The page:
This is not a squash for use in elegant harvest decorating schemes. It is the kind of squash you hide in the bottom of a pile at the back of your pantry. It looks like a diseased rodent carcass swelled up to gargantuan proportions. I know I’m hungry, aren’t you?
And yet, I purchased two of these bad boys. My aunt told me about a roadside place in Virginia that was selling off the last of its pumpkins and squash for a dollar each to make room for Christmas stuff so while we were out there for Thanksgiving I snagged six of the leftovers. After looking around on various websites I decided that the above is a Hubbard Squash, because of it’s two tapered ends and bluish gray color (Hubbards can be several different colors). The information I found indicated that Hubbard Squash is often more pumpkin-y than actual pumpkin, and that most canned pumpkin is actually Hubbard. Who knew? Apparently Hubbard Squash is as sweet and dense as pie pumpkin.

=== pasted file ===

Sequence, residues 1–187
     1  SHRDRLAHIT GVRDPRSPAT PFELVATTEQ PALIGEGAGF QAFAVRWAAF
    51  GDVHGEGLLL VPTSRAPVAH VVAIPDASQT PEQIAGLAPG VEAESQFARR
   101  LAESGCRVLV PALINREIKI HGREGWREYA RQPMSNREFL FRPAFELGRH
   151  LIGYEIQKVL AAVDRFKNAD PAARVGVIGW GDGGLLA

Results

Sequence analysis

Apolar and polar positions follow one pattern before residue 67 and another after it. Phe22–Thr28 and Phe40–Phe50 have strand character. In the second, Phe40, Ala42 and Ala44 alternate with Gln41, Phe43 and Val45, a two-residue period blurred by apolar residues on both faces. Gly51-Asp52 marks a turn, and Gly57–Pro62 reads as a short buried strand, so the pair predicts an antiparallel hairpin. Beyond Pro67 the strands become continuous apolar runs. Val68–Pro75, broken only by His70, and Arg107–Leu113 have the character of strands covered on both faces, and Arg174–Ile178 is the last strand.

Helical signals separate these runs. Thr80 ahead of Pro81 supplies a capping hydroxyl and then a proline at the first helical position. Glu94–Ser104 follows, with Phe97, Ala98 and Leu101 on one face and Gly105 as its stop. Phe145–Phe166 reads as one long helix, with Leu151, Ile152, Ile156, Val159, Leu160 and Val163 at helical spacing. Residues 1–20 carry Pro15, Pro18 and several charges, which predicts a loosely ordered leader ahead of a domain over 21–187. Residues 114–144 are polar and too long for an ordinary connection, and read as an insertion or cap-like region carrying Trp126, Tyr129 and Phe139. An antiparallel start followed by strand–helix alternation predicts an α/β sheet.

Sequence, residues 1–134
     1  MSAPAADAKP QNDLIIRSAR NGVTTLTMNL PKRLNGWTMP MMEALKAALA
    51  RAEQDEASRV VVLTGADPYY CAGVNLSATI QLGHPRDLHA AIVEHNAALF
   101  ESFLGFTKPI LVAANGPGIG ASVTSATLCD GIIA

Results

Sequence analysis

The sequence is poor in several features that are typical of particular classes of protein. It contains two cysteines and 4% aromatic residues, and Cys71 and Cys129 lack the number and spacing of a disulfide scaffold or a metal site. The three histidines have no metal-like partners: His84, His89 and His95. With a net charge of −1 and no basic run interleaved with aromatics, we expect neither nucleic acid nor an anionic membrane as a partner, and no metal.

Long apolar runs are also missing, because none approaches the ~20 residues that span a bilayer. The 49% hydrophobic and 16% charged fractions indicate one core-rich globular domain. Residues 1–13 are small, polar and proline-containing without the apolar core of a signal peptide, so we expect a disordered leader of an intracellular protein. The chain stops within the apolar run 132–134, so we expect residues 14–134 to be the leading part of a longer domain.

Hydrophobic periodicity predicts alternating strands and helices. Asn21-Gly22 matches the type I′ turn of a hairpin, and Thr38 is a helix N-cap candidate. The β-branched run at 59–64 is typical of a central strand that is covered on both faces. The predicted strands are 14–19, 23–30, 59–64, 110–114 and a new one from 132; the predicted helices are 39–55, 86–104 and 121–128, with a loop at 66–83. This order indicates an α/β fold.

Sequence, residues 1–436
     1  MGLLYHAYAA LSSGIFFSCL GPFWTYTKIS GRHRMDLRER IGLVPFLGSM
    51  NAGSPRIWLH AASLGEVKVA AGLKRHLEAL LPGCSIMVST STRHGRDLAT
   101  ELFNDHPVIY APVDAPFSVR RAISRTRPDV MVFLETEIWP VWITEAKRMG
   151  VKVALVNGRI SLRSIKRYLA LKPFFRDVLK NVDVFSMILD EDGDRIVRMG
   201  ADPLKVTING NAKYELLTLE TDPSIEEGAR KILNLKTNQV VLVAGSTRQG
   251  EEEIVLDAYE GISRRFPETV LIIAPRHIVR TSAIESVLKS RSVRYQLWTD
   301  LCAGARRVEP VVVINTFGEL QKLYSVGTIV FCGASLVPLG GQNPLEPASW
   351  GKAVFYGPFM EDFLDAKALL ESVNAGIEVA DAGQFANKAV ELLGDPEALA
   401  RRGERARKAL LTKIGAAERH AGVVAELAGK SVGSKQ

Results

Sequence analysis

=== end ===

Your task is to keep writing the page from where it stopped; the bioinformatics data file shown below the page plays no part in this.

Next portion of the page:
I roasted one of the Hubbards and got a lovely bright orange puree that did indeed lend itself nicely to baking and cooking. We had a delicious dinner of Curried Hubbard Soup and Hubbard Streusel Muffins. With the second squash I might make Hubbard Butter. Heh.
I suppose the take-away is don’t judge a squash by its cover or something like that. Let this be a lesson to you.